committee meeting? >> chair fewer: thank you, president yee. i'd like to say thank you, president yee and thank you to the mayor for working on this so needed bond to help people stay in san francisco. overdue. thank you so much for the leadership. so yes, you have a motion. there's a motion on the table to continue these two items, is that correct, president? >> president yee: yes. >> chair fewer: okay. >> president yee: what's the date? >> chair fewer: the next budget meeting? >> clerk: june 13. >> chair fewer: and i would like to second president yee's motion. can we take that without objection? done. bam, it's done. thank you, also, to the public for coming out. madam clerk, would you please read item 6. >> clerk: item 6 is a hearing to identify the youth commission's budget priorities for fiscal years 2019-2020 and 2020-2021 and requesting the youth commission to report. >> chair fewer: thank you very much. and i believe we have our youth
9:29 pm
commissioners here. >> hi. all right. hello, supervisors. good afternoon. thank you for having us? my name is calvin, and i'm the legislative affairs officer for the youth commission. i also represent district 5 on the commission. with me today are commissioners dawn, min, thai, hilton, and hurgi, and we are here to present the youth commission's budget policy and priorities for the 2019-2020 and 2020-2021 fiscal years.
9:30 pm
so the primary charted function of the youth commission is to advise the mayor and board of supervisors on the unmet needs budgetary policy of youth in san francisco, and so throughout the year, we fulfill this function mainly by referring legislation that is referred to us by the board, by supporting community initiatives for youth and by bringing individual issues and concerns affecting youth to you directly as supervisors. however, the youth commission's annual budget and policy priorities report is the result of a more comprehensive process of outreach to our communities and our constituents and affects the most important and pressing concerns of youth in san francisco with action steps that we urge you to take in order to address those concerns. so we were here before on february 13 to present our preliminary version mainly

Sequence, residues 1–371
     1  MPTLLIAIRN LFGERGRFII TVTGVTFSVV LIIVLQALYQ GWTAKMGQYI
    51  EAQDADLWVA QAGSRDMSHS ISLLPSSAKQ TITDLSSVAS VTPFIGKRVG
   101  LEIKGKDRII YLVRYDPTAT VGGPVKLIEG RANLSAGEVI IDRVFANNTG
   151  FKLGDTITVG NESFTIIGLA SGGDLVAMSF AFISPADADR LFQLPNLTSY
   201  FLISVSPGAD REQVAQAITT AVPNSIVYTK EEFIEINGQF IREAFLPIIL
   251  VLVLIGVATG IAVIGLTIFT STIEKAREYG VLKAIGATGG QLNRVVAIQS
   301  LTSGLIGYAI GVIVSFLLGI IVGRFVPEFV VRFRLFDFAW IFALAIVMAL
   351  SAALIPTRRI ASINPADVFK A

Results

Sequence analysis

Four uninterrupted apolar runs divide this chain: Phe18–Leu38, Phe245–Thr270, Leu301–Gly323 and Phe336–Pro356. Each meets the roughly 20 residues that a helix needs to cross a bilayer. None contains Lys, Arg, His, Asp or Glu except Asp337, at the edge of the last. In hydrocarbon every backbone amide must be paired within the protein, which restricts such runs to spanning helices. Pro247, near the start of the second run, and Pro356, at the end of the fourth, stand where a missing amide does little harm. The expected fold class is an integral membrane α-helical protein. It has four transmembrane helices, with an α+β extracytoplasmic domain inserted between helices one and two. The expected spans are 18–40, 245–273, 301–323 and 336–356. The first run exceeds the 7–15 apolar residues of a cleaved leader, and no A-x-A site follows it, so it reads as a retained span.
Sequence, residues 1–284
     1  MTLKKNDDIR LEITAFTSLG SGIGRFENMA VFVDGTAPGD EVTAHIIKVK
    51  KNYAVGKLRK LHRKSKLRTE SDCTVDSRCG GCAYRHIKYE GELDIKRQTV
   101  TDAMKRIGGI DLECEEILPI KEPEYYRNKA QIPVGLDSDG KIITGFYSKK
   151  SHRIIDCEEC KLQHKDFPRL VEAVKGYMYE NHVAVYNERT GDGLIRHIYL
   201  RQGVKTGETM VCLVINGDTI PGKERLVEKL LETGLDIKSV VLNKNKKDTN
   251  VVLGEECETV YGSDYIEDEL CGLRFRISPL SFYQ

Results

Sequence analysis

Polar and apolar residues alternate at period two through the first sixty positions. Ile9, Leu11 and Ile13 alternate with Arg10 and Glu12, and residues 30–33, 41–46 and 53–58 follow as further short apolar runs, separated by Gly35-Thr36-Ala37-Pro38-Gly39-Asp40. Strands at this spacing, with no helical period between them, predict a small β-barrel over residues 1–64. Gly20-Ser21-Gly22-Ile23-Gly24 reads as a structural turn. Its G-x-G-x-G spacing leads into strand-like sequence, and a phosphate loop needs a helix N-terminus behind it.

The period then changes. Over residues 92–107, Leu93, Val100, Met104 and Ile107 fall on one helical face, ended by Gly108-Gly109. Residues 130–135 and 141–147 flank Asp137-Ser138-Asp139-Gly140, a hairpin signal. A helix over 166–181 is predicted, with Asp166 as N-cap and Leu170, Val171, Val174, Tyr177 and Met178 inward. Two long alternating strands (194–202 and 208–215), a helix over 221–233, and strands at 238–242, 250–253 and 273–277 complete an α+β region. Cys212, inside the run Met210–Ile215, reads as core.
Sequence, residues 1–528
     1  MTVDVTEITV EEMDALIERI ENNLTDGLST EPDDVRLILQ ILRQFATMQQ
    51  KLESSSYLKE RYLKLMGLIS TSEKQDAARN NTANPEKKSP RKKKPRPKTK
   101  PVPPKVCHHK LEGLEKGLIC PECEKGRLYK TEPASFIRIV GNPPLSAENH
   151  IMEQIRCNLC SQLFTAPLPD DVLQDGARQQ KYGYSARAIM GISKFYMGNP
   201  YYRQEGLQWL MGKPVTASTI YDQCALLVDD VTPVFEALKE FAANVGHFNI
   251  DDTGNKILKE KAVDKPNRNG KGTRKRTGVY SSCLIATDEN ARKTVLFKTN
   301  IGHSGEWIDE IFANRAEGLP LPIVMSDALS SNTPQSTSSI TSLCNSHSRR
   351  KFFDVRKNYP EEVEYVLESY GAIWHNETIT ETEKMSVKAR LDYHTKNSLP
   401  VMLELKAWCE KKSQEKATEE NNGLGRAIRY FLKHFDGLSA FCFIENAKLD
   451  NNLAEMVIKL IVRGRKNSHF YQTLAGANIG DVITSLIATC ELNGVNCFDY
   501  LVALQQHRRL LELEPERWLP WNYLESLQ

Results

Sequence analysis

9:31 pm
dedicated to budgetary recommendations? we are back here today with a basically finalized set of recommendations, and we -- the final report will be circulated to your offices in the upcoming weeks. so this year, the commission has six big priorities in three policy areas. civic engagement, housing and land use and transformative justice. so we are going to present each one of those priorities. each priority has a set of recommendations that are sort of actionable steps that we think the city should take to meet the concerns of youth? and just to note that these priorities have been the culmination of work over several months, so they may not exactly reflect current events. so for example, we are actually quite pleased that the mayor's
9:32 pm